Supervisors delay action on park siren

Published 8:00 pm Tuesday, June 19, 2012

Weather sirens and alerts continued to be a major topic with the Lincoln County Board of Supervisors.

     Lincoln County Civil Defense Director Clifford Galey spoke about the sirens during Monday’s meeting at the Lincoln County/Brookhaven Government Complex.

     Galey said the weather alert siren project for the city of Brookhaven is moving forward.

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     However, a problem with the sirens is they will only alert those in the city of impending weather, and they will not reach inside homes if there is a conflict with other loud noises. Those in the county will most likely not be able to hear the sirens in the event of a weather emergency alert.

     Galey said the Industrial Development Foundation asked the city and county to split the cost of a $15,000 weather siren in the Linbrook Business Park, which lies just outside of the city limits.

     “People with the new industrial park think they’ll need it with the buildings being in the way and people being inside,” Galey said. “I think a siren would be a benefit to the park.”

     The city applied for a $120,000 grant that would cover five sirens in the city, but due to the new industrial park’s location outside the city limits, it would not be covered. Galey expects the city to receive the grant soon.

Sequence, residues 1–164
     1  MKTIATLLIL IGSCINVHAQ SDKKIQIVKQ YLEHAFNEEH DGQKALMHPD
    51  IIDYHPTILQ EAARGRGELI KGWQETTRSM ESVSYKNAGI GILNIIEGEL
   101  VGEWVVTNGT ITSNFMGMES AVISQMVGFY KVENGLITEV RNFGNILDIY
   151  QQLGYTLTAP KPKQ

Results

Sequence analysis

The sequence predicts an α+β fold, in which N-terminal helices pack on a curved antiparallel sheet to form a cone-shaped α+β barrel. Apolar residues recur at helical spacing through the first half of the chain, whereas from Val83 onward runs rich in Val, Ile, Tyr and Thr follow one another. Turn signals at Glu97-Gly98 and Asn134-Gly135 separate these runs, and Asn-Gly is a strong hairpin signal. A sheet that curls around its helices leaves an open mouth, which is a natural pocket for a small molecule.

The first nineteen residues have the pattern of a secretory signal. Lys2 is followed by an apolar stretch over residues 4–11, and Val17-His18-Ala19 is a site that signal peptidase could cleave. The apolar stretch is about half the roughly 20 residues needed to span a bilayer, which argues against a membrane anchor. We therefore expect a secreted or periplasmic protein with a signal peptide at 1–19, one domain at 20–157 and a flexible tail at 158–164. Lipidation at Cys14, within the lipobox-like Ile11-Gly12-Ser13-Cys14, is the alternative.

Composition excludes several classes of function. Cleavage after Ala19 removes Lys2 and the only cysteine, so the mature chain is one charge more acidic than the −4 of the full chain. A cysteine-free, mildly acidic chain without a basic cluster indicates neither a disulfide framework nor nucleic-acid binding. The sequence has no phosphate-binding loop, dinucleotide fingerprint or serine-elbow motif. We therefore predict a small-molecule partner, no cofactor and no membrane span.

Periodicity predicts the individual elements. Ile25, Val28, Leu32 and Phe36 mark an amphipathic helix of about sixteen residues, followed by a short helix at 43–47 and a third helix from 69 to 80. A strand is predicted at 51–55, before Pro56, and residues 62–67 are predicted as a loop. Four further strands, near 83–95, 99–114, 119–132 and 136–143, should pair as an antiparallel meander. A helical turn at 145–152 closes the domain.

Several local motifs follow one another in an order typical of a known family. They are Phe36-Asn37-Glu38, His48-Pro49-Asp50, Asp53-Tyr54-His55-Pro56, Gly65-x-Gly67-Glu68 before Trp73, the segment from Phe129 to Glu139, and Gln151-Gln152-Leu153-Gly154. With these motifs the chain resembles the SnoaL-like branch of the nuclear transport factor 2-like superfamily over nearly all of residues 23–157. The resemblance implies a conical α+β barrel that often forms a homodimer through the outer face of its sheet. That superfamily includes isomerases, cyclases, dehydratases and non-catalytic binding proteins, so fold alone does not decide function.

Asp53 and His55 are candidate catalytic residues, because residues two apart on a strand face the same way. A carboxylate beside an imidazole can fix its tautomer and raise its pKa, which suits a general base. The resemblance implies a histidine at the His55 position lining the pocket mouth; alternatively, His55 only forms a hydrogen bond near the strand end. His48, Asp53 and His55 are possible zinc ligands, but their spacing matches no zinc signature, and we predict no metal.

The board opted to take the matter under advisement after members voiced concerns over spending additional money out of an already tight budget for the additional siren.

     District Three Supervisor Nolan Williamson said he thinks other methods of alerting the public should be employed.

     “Why didn’t the Legislature put a tax-free incentive on weather radios?” he said. “That should be a top priority.”

     Galey did say the federal government has a new system that begins in July that will send weather alerts to all people with newer cell phones that are capable of receiving the alert. To opt out, someone would have to go online and take their number off the alert list, according to Galey.

     There is one thing about the phone alerts that Galey sees as being a potential problem.

     “I have concerns about people getting too many alerts and disabling the feature,” he said.

     Also at the meeting, Williamson said subcontractors for AT&T might be placing fiber optic lines incorrectly in his district. The board then asked Ryan Holmes of Dungan Engineering to get a representative from AT&T to attend the board’s next meeting to discuss the matter.

     “Sometimes they tear up pavement and just leave it without telling anyone,” said Williamson. “I’d rather have someone alert me of a problem instead of stumbling upon it.”

     After the meeting, supervisors headed to Biloxi for the 2012 Mississippi Association of Supervisors Convention that runs from Monday through Friday.